History is hard enough to write when it happens in front of
your eyes. It's difficult even when you have access to files, records, witnesses, newspaper accounts, diaries and letters. But prehistory, that's another matter entirely.
Prehistory is the story of a people before they became literate, before they could begin to write their own history. It can cover huge swaths of time -- more than 600,000 years, in the case of "The Oxford Illustrated Prehistory of Europe."
Editor Barry Cunliffe of Oxford University and his fellow British archaeologists set out to tell the prehistory of the continent of Europe from the age of the Neanderthals to the time of Clovis (A.D. 465-511). It is a task of breathtaking sweep and complexity.
As Dr. Cunliffe notes in his introduction, the Europe of these epochs "is a peninsula divided by mountain ranges and joined by its systems of great rivers. Areas of old, hard, and often infertile rocks yielding a rich array of metals contrast with younger fertile plains. Wine and oil produced in the sun on the southern side of the peninsula find their way to the forest communities of the north while amber and furs are passed south. . . . The variety is immense; the contrasts are endless."
How does an archaeologist tell the history of a people when the usual raw material of the historian is missing? By becoming a detective. By examining such clues as the remains of beetles, holes driven into the earth for tent poles and the stomach contents of human bodies preserved in peat bogs.
Archaeology is a science of inference, of suggestion. The beetle remains indicate that, in the aftermath of the final Ice Age, northern areas soon grew warm enough to support insect life. The post holes show sites of encampments, although it's often unclear whether the pattern of the holes is evidence of a large grouping of families in many tents or of the same family erecting their tent several times in the same vicinity. The stomach contents show that, in a certain area of barbarian Europe between A.D. 300 and 700, crops included barley, wheat, oats, ** millet and rye.
A wealth of insights can be gleaned from such mundane materials, but an archaeologist's excitement can have its humorous overtones for the non-expert. It's hard not to smile when, in a section on settlements in early agrarian Europe, Andrew Sherratt of the Ashmoelan Museum writes: "Preserved in peat, these sites have yielded some of the most vivid evidence of Neolithic existence -- birch-bark containers, wooden bowls and implements, linen textiles, piles of fodder and manure (complete with fly pupae!), and even a piece of resin 'chewing gum' with tooth-marks."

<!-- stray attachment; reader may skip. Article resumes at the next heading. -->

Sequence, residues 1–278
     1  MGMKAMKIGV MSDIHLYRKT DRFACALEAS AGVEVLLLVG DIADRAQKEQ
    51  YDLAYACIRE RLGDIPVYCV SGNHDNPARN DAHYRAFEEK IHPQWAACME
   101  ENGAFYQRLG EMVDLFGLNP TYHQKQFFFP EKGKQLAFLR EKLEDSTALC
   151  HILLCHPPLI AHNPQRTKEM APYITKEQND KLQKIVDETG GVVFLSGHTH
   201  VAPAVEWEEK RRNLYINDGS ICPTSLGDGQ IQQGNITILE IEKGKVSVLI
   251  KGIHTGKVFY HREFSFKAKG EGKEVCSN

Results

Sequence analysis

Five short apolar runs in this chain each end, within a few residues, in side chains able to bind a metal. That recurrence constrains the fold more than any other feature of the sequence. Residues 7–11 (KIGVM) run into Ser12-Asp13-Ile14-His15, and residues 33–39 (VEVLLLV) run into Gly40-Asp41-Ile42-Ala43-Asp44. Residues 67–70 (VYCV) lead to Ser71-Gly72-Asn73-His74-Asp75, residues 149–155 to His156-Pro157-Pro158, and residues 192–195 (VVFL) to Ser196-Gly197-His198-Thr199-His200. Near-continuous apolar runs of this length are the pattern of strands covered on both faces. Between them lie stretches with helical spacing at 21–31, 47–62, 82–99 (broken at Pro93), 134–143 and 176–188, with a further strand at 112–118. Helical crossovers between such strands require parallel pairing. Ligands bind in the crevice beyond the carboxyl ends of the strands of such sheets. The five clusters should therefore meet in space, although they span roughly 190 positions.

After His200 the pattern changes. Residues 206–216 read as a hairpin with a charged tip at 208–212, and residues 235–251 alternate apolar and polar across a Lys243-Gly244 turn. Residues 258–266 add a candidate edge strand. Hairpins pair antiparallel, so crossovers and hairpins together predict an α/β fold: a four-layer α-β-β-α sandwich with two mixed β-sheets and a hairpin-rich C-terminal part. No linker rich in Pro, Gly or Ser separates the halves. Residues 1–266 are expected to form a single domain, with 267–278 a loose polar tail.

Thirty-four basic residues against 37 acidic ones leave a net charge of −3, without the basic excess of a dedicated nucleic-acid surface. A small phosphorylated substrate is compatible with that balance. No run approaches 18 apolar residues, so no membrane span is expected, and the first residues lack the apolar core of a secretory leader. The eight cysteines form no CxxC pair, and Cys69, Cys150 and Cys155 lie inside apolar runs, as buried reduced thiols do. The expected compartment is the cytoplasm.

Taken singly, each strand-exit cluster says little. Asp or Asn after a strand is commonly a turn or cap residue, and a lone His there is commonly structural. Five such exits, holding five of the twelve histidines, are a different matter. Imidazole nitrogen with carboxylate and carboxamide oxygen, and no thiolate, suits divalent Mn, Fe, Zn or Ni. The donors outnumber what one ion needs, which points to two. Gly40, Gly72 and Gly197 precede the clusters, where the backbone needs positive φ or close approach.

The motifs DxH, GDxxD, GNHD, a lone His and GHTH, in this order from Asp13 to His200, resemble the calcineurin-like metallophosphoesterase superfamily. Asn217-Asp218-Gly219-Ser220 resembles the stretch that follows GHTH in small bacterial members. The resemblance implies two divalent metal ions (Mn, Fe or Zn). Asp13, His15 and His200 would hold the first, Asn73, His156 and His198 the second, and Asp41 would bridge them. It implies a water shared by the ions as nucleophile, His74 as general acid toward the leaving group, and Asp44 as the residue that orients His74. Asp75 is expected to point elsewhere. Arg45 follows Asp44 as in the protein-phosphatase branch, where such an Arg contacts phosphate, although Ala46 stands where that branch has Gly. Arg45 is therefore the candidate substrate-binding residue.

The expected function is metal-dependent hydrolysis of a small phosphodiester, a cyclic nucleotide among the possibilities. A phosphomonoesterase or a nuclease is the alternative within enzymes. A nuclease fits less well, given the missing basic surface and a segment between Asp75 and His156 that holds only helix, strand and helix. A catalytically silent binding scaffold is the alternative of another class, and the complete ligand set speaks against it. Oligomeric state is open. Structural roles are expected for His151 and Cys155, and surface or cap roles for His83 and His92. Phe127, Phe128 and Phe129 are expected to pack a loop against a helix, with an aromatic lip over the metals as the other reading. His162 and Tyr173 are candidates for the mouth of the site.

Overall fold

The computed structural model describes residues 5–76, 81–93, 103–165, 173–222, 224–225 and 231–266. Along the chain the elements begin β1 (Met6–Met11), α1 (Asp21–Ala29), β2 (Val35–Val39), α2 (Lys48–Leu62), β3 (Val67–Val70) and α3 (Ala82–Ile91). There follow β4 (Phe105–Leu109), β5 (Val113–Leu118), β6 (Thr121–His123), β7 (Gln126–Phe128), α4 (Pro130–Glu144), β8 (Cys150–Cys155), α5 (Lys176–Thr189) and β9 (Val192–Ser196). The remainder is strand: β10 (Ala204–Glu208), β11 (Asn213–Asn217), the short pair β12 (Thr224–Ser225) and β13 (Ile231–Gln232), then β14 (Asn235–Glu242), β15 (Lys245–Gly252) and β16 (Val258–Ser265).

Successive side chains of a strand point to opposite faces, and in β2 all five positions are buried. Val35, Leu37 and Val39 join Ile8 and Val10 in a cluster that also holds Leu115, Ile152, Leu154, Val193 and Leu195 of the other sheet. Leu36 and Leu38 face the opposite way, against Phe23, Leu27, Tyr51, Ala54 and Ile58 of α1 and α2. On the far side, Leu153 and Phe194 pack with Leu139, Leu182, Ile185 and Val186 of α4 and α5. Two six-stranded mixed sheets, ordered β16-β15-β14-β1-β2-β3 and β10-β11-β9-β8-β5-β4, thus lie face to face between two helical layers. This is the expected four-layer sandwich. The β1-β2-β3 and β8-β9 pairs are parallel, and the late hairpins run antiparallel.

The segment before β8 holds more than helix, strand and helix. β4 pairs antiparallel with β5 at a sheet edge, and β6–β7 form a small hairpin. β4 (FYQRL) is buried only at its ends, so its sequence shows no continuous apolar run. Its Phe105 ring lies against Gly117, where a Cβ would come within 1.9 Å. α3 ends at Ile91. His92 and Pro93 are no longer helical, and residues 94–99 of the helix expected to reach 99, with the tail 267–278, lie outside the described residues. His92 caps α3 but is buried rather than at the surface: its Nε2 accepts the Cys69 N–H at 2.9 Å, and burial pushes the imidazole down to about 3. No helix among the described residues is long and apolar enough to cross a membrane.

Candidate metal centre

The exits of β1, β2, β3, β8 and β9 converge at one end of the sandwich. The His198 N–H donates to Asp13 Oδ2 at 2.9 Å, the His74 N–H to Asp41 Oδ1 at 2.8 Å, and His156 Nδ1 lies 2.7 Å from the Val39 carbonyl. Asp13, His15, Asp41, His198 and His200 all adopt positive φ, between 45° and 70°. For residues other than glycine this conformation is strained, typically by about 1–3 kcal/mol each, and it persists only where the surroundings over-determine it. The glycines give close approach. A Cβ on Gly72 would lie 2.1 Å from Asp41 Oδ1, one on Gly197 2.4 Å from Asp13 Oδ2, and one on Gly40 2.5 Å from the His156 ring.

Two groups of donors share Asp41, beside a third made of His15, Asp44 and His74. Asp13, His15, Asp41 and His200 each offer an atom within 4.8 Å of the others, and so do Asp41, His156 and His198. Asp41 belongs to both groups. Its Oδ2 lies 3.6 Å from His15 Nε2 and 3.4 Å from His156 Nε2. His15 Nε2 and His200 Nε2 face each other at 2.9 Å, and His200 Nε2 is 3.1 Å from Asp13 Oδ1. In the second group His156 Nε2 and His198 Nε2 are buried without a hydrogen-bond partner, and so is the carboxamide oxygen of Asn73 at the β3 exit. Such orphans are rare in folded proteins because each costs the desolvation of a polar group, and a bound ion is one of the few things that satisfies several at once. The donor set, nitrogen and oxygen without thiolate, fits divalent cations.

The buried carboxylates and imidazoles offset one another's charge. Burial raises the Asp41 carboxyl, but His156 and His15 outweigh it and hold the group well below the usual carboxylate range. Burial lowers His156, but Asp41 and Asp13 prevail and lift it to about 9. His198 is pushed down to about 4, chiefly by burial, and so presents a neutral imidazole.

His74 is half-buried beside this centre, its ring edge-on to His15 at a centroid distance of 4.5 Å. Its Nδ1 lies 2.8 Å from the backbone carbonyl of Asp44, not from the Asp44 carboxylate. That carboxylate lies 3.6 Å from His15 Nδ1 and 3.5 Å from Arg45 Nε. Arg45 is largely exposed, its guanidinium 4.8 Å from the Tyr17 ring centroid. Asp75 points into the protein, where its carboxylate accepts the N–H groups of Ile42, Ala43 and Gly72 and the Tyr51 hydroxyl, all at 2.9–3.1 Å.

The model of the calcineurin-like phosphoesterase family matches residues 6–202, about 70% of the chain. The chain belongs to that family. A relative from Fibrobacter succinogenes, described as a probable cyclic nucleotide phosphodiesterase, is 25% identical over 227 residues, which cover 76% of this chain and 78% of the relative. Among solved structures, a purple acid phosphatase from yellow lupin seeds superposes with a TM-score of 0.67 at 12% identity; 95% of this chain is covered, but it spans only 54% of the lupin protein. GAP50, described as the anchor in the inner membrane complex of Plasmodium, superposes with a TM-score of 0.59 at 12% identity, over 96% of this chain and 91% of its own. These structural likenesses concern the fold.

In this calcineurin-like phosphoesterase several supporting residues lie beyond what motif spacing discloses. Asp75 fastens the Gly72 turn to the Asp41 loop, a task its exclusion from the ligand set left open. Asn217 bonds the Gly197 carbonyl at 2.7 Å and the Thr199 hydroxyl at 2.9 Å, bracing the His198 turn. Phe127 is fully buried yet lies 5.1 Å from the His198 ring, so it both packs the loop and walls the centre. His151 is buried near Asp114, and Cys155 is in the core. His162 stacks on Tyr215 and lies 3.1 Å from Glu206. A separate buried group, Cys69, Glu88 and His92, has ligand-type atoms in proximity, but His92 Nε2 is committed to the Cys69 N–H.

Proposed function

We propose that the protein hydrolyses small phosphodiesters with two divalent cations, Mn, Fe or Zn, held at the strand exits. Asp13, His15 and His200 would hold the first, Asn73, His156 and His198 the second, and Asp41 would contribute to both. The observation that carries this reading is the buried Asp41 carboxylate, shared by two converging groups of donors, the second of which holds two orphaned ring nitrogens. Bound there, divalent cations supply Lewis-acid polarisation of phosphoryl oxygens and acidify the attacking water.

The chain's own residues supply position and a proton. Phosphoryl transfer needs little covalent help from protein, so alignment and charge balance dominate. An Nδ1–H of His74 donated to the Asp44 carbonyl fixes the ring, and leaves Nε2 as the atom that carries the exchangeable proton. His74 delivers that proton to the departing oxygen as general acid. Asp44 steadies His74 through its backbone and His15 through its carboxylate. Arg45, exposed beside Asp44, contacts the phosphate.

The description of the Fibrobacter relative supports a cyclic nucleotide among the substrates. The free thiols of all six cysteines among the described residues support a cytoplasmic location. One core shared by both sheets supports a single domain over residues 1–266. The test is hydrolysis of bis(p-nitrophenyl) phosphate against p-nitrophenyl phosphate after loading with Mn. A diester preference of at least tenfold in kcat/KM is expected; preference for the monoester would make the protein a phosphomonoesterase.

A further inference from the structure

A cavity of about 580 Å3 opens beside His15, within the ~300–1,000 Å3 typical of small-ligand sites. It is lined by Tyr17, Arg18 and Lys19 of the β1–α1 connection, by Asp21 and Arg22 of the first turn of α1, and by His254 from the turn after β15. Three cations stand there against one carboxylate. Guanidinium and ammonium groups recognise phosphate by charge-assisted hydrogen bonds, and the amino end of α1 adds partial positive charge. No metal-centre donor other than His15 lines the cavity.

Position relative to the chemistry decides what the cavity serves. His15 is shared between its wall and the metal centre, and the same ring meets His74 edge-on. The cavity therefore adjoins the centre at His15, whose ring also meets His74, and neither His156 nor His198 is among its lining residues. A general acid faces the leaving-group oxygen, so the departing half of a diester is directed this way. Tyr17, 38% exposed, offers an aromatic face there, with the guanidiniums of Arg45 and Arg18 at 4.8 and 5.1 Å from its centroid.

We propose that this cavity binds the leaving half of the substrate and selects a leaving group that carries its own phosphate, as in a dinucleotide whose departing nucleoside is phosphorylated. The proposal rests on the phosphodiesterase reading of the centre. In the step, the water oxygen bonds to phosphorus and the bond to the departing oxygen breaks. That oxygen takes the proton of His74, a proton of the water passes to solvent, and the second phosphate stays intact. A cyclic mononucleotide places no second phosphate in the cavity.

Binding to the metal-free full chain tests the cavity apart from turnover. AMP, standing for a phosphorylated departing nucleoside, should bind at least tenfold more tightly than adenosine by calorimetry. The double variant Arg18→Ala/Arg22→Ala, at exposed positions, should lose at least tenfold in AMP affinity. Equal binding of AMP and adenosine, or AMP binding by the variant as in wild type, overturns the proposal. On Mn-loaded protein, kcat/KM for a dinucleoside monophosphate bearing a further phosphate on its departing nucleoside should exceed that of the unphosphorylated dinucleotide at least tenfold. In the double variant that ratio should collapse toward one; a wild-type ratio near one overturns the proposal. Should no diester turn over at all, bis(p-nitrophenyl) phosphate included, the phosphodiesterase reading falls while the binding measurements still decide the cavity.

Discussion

Art is another important indicator about the life and people of the continent. The dancers in a scene painted on rock by a Mesolithic-era artist in what is now Spain pulse with the same life and exuberance as the horned animals leaping along the edges of the scene.
Yet art can raise as many questions as it answers. Consider the Azilian painted pebbles, found in southern Europe and dating back 11,000 years.
"These are small, flat or ovoid pebbles mainly of a blue-grey LTC schist which were selected from a river and then painted. This decoration is in the form of dots, lines, and, occasionally, more complex motifs such as chevrons and crosses," writes Steven Mithen of the University of Reading.
"Although we describe these as art, they have none of the elegance or craftsmanship that we find in the antler harpoons or woven fishtraps that convention required us to discuss under 'technology.' But these pebbles have their own beauty, part of which is contained in the mystery as to what they were used for."
Such detective work becomes less important later on, when parts of Europe, such as Greece, become literate and begin writing not only their own histories but also those of their non-literate neighbors.
Timothy Taylor of the University of Bradford notes that, according to Greek writers, the Danubian plain was the home of "werewolves, warrior women with excized breasts, cannibals, transvestite shamans, and head-hunters who drank from skulls, all living in a state of constant warfare. . . . Astonishingly, modern archaeological discoveries for the most part corroborate [these descriptions]."
"The Oxford Illustrated Prehistory of Europe" is a scholarly work, dense with facts and stingy with generalizations. It is erudite and nuanced. It is also rich with the stuff of life -- however dimly glimpsed today -- on the other side of the past.
Title: "The Oxford Illustrated Prehistory of Europe"
Editor: Barry Cunliffe
Publisher: Oxford University Press
0$ Length, price: 532 pages, $39.95